103
Table of Contents:
  1. INTRODUCTION:Business Issues
  2. INTRODUCTION (CONTD.)
  3. THEORY OF ETHICAL RELATIVISM
  4. MORAL DEVELOPMENTS AND MORAL REASONING
  5. MORAL REASONING:Arguments For and Against Business Ethics
  6. MORAL RESPONSIBILITY AND BLAME
  7. UTILITARIANISM:Utilitarianism: Weighing Social Costs and Benefits
  8. UTILITARIANISM (CONTD.):rule utilitarianism, Rights and Duties
  9. UNIVERSALIZABILITY & REVERSIBILITY:Justice and Fairness
  10. EGALITARIANS’ VIEW
  11. JOHN RAWLS' THEORY OF JUSTICE:The Ethics of Care
  12. THE ETHICS OF CARE:Integrating Utility, Rights, Justice, and Caring
  13. THE ETHICS OF CARE (CONTD.):Morality in International Contexts
  14. MORALITY IN INTERNATIONAL CONTEXTS:Free Markets and Rights: John Locke
  15. FREE MARKET & PLANNED ECONOMY:FREE TRADE THEORIES
  16. LAW OF NATURE:Theory of Absolute Advantage, Comparative Advantage
  17. FREE MARKETS AND UTILITY: ADAM SMITH:Free Trade and Utility: David Ricardo
  18. RICARDO & GLOBALIZATION:Ricardo’s Assumptions, Conclusion
  19. FREE MARKET ECONOMY:Mixed Economy, Bottom Line for Business
  20. COMPETITION AND THE MARKET:Perfect Competition
  21. PERFECT COMPETITION
  22. MONOPOLY COMPETITION:Oligopolistic Competition
  23. OLIGOPOLISTIC COMPETITION:Crowded and Mature Market
  24. OLIGOPOLIES AND PUBLIC POLICY:Ethic & Environment, Ozone depletion
  25. WORLDWATCH FIGURES:Population Year, Agriculture, Food and Land Use
  26. FORESTS AND BIODIVERSITY:The Ethics of Pollution Control
  27. THE ETHICS OF POLLUTION CONTROL:Toxic Chemicals in Teflon
  28. THE ETHICS OF POLLUTION CONTROL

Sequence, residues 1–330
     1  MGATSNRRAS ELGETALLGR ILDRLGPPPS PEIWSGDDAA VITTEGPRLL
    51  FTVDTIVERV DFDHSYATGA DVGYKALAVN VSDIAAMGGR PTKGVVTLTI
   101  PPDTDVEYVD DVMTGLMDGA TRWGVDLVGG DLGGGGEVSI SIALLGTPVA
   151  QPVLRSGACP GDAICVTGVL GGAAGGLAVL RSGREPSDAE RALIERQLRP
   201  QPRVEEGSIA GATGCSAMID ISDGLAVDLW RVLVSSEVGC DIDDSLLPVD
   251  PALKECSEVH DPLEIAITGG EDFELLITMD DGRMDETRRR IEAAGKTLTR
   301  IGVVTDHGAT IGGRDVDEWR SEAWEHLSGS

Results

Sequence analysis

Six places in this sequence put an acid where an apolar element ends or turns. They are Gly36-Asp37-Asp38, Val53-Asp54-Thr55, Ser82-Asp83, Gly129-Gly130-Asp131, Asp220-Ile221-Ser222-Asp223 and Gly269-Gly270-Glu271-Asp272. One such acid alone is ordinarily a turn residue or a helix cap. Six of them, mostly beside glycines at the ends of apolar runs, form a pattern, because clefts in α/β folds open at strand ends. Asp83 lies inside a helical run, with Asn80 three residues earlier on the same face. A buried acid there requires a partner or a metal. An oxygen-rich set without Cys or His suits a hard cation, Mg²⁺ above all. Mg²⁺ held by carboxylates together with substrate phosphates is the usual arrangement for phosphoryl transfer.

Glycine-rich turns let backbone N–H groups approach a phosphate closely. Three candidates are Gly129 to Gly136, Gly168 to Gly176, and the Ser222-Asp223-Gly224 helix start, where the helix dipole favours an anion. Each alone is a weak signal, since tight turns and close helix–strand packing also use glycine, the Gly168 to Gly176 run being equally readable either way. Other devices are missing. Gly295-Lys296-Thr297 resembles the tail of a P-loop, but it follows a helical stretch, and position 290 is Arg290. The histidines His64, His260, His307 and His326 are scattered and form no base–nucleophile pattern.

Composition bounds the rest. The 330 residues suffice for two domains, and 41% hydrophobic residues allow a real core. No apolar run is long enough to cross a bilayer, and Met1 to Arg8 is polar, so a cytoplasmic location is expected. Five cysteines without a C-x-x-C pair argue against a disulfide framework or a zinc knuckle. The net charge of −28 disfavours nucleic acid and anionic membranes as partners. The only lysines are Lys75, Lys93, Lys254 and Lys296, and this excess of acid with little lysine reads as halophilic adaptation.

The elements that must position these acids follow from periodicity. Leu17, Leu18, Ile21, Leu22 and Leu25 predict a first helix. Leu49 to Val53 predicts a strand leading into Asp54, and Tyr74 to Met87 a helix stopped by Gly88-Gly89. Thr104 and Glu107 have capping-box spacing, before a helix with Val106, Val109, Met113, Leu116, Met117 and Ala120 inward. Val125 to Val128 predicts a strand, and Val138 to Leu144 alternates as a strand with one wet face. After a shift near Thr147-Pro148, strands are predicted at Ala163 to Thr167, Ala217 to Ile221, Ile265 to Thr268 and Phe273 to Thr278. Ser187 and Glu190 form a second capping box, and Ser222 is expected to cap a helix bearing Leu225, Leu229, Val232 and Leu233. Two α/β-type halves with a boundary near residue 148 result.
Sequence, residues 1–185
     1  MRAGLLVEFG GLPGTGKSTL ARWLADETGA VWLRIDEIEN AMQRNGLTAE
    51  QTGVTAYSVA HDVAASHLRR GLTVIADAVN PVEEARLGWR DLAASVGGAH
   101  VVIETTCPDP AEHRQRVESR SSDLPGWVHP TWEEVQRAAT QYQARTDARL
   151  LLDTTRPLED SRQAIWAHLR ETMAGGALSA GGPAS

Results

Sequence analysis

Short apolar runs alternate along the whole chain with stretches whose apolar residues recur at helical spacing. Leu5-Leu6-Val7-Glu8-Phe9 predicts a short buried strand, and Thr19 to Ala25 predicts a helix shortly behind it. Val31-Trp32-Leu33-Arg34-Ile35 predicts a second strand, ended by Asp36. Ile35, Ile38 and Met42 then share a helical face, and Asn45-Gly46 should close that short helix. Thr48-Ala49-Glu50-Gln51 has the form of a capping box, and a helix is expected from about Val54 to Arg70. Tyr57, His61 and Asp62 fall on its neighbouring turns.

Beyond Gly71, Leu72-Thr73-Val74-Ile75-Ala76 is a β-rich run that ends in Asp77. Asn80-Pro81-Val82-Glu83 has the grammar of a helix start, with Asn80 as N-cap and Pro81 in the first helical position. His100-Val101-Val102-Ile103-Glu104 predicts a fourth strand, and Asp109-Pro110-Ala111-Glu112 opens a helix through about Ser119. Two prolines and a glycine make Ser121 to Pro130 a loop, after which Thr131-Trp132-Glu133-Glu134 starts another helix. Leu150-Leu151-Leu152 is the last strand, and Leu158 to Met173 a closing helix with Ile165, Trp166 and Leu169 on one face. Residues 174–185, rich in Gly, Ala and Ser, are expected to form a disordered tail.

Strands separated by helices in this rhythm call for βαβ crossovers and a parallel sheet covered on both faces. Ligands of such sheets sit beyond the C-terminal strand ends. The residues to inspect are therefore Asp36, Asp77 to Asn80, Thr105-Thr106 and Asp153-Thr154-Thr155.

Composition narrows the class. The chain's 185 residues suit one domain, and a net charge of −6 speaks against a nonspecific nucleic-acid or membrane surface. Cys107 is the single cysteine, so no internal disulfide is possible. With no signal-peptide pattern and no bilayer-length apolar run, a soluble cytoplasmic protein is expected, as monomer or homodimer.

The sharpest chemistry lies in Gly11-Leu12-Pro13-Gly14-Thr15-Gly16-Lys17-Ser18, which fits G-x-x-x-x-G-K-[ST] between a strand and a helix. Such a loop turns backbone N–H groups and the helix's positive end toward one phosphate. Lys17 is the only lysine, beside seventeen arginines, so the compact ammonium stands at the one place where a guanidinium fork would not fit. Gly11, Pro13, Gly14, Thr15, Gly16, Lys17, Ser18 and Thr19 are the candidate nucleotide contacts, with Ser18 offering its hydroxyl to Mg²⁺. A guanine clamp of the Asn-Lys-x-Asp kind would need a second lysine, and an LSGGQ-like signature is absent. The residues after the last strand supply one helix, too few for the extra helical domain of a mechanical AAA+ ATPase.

29. THE ETHICS OF POLLUTION CONTROL:Recommendations to Managers
  30. COST AND BENEFITS:Basis of social audit, Objectives of social audit
  31. COST AND BENEFITS:The Ethics of Conserving Depletable Resources
  32. COST AND BENEFITS:The Club of Rome
  33. THE ETHICS OF CONSUMER PRODUCTION AND MARKETING:DSA Comments
  34. THE ETHICS OF CONSUMER PRODUCTION AND MARKETING:Should Consumers Bear More Responsibility?
  35. THE CONTRACT VIEW OF BUSINESS' DUTIES TO CONSUMERS
  36. THE CONTRACT VIEW OF BUSINESS' DUTIES TO CONSUMERS:The Due Care Theory
  37. THE SOCIAL COSTS VIEW OF THE MANUFACTURER’S DUTIES
  38. ADVERTISING ETHICS:The Benefits of Advertising, The harm done by advertising
  39. ADVERTISING ETHICS:Basic Principles, Evidence, Remedies, Puffery
  40. ADVERTISING IN TODAY’S SOCIETY:Psychological tricks
  41. ADVERTISING IN TODAY’S SOCIETY:Criticism of Galbraith's Work
  42. ADVERTISING IN TODAY’S SOCIETY:Medal of Freedom
  43. ADVERTISING IN TODAY’S SOCIETY:GENERAL RULES, Substantiation
  44. ADVERTISING IN TODAY’S SOCIETY:Consumer Privacy, Accuracy
  45. THE ETHICS OF JOB DISCRIMINATION:Job Discrimination: Its Nature